Economics · Management · Strategy

Fall Of Rupee and Fiscal Strategy – A Study of Causes, Effects and Solutions Related To Rupee Free Fall

ABSTRACT

This study examines the depreciation of the exchange rate of dollar to rupees. In this paper, we analyze the factors that are responsible for the fall of rupee, its impact on business, education, employment and inflation and the measures taken to curb the rupee free fall with special focus given to strategies adopted by other countries. Ever increasing demand of dollars, critical CAD, volatile nature of equity markets, surge in the import bill and speculative trading set the roller coaster fall in rupee value .Study of the 2008 financial crisis and its consequences has also been highlighted in an analytical fashion supported by statistics. Effects ranging from hike in travel expenses to increasing education loans have also been pondered upon in the study. Furthermore, steps taken by the Indian Government such as increased loan rates, increase of credit to infrastructure projects to stem the rupee slide, has also been reviewed with special emphasis on economic strategies adopted by developed countries in restoring the economy.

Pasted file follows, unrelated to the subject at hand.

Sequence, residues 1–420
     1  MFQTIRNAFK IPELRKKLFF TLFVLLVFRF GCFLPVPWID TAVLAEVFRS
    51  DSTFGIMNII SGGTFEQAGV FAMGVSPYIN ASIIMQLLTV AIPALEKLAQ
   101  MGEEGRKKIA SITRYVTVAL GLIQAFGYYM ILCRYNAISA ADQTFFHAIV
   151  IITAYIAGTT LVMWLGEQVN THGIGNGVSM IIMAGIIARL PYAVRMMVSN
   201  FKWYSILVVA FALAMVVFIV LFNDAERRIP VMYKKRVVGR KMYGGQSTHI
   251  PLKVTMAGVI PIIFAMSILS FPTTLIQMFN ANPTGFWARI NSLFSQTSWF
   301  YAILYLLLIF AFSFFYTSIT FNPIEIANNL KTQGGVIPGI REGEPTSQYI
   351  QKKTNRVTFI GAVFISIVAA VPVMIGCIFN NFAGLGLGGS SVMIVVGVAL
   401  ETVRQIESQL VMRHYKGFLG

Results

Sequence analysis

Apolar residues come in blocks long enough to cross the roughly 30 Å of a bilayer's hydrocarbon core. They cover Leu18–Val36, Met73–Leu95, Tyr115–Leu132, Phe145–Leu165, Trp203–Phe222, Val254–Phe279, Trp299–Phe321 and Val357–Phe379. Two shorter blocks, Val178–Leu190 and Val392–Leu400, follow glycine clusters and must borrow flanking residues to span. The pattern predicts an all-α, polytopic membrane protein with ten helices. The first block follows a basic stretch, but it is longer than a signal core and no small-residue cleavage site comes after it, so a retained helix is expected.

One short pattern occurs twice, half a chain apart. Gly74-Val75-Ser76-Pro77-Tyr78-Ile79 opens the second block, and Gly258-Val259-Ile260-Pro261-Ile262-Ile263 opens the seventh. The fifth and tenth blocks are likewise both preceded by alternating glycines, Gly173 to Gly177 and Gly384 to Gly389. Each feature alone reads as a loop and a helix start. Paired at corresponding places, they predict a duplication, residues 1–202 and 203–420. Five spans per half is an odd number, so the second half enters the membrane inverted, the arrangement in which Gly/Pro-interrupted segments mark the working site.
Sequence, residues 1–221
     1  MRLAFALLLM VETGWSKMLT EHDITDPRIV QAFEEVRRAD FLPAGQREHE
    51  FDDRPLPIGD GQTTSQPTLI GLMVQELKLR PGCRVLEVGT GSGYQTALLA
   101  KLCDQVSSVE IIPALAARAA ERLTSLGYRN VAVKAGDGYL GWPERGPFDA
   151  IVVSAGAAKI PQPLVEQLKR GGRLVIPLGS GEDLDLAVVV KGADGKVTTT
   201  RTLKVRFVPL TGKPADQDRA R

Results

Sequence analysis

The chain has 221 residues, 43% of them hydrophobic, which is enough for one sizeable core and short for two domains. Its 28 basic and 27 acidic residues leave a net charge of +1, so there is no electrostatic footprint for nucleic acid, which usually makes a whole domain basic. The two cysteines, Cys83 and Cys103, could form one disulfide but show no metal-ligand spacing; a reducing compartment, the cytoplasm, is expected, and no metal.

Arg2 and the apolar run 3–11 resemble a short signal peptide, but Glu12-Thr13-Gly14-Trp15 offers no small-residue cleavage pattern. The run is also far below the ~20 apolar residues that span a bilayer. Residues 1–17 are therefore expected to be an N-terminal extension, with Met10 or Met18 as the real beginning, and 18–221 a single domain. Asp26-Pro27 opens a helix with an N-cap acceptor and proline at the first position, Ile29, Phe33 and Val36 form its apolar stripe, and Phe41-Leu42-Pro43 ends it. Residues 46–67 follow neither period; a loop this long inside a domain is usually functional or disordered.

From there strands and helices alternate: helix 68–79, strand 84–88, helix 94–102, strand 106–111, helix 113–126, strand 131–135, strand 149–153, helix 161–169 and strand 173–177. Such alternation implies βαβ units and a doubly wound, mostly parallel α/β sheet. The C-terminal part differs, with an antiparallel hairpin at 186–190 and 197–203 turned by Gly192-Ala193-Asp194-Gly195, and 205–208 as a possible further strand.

INTRODUCTION

The Indian currency has witnessed many ups and downs since independence. Following is a chronological look at the Indian rupee’s journey since 1947.On Aug 15, 1947India got freedom from British rule. At that time the value of Indian rupee was at par with the American dollar. With the introduction of the Five-Year Plan in 1951, development and welfare activities were initiated for which the government started external borrowings. This craved the devaluation of the rupee. After the adoption of a fixed rate currency regime the rupee clinched at 4.79 against a dollar between 1948 and 1966. Huge development expenditure owing to which there were large scale imports hit India a serious balance of payment crisis in 1991 and was forced to sharply devalue its currency. Political instability resulted to the decline in FDI and FII. Credibility of India was reduced due to assassination of Rajiv Gandhi and the investors lost their interest and trust in the government. Between March 1991 and June 1991, there was acute withdrawal of non-resident deposits inducing to further drop in foreign exchange reserves. This concluded to credit unavailability, trade disruption, shortages, industry dislocation, unemployment, high inflation and instability. Indian economy began to slow down in 2007-08 after reaching a GDP growth of 9.8 per cent in the last quarter of 2006-07. The Indian economy too felt the impact of the 2008 financial crisis though not to the same extent as to America, European Union and UK. The consequences in India were drastic.